Recruiting Report: Max Lommel (2020)
After starting the season with a 2-2 record, the Chaska Hawks won six of the next seven games and advanced to the state tournament. One of the keys to the season was an old football standby – run the ball…
After starting the season with a 2-2 record, the Chaska Hawks won six of the next seven games and advanced to the state tournament. One of the keys to the season was an old football standby – run the ball and stop the run. When the Hawks started doing that, they – sorry for the pun – took off. One of the keys to that philosophy was soon to be senior Max Lommel. Now Lommel is set up for a big senior season.
“I feel like we started a little bit slow,” Lommel said about the 2018 season. “After our second loss, we flipped a switch and realized we could do this. We could beat any team we came across. We built chemistry, kept working hard, and met off the field to talk about things. It transitioned to the field. We trusted each other and were able to play as a team.”
The run soon became the focus of the Hawks’ season.
“On the defensive side, our front seven was rock solid,” Lommel said. “We didn’t give up many rushing yards. That built a foundation for the team. From there, we started pounding the ball on offense. It worked for us.”
Even with a successful junior season, Lommel knows he has things to work on.
“I thought the season went pretty good. There are always things I can improve on. I could stay lower and more square when I am pulling on the offensive line. I could be playing mean and physical,” Lommel told northstarfootballnews.com. “On the defensive line, I could work on being able to read where the running back is going instead of just guessing. I need to be the one who dictates where my man is going – not letting him push me around.”
Lommel started at center as a sophomore. As a junior, his position changed.
“At the beginning of the season, I was left guard. As the season went along, we had some injuries, so I played both sides and learned both sides.”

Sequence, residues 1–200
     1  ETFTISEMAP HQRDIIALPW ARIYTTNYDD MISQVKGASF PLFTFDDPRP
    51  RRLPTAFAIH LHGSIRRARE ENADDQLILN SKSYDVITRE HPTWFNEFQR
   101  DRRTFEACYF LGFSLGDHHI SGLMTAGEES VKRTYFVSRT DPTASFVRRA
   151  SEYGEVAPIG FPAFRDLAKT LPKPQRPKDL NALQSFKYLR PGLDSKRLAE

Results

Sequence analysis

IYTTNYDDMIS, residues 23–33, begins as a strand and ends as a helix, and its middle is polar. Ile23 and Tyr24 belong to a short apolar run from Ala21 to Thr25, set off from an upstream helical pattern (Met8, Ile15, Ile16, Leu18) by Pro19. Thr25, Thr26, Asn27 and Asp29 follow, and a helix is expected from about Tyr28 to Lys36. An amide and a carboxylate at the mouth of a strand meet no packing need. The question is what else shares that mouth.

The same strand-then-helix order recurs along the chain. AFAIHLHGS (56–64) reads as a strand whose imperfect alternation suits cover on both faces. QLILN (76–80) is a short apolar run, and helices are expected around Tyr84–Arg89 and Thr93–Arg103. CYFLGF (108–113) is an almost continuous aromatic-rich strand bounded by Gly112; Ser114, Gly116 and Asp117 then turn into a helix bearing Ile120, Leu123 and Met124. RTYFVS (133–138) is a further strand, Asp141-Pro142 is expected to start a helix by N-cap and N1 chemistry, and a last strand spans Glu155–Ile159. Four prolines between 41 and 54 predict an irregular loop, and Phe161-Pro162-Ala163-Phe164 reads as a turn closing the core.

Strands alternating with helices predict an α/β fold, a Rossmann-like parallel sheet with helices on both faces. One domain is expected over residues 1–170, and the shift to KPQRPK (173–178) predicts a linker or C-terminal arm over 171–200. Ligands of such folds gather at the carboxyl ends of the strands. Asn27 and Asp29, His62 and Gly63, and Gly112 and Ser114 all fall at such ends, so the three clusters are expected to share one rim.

Switching from left to right had its challenges.
“It is mirrored, so you have to do this, but I have to flip it to the other side,” Lommel explained. “As the year went on, we all helped each other when we would go up to the line saying where we need to go, who we need to block. We built a lot of trust in each other. Even though we didn’t always have everything memorized, we trusted each other to do our job.”
Lommel’s athletic ability shows – especially when he is on the move.
“My strength is pulling, finding the first guy and can and knocking him back on his feet.”
A part-time player on defense as a sophomore, Lommel’s role expanded as a junior.
“I was the strong side defensive end in a 3-4 defense. As a defensive end, I think I am good at knocking the tackle back and not letting him get to the middle backer. I am able to stay in my gap and not get pulled into chasing the running back and getting out of position.”
A two-sport athlete, Lommel still was focused on his football career.
“In the winter, I was lifting and working on my conditioning. In the spring, I played baseball. I played outfield and also lifted with the football team when I could. I have been playing baseball since I was young and can get back on balls and track balls in the outfield. At the plate, I try to power the ball.”
Along with lifting and baseball, Lommel has been on the campus visit and camp circuit.
“Recruiting has been going well. It is great to go around and see all the schools and see what each program offers. With camps, it has been great watching how the coaches’ coach and how I can learn things I can take back to for this season.”
“I went to Minnesota, Iowa State, Wyoming, North Dakota, North Dakota State, Bemidji State, Minnesota-Duluth, and Minnesota State Mankato,” Lommel continued. “I have offers from Mankato, Bemidji State, Augustana, Sioux Falls, Southwest Minnesota State, and University of Mary.”
Lommel – who has continued his workouts this summer – is being recruited almost exclusively as a defensive tackle.
“They like how physical I play off the ball. Also, they like that I don’t let linemen get their hands on me, and I have quick hands and quick feet.”
Lommel expects to play the nose from time to time as a senior, so adjusting to defensive tackle will not be as big a change in college. With the changes he has made on the football field already, one or two more changes this year and into his college career won’t phase him.
UPDATE: Lommel just committed to Minnesota State-Mankato.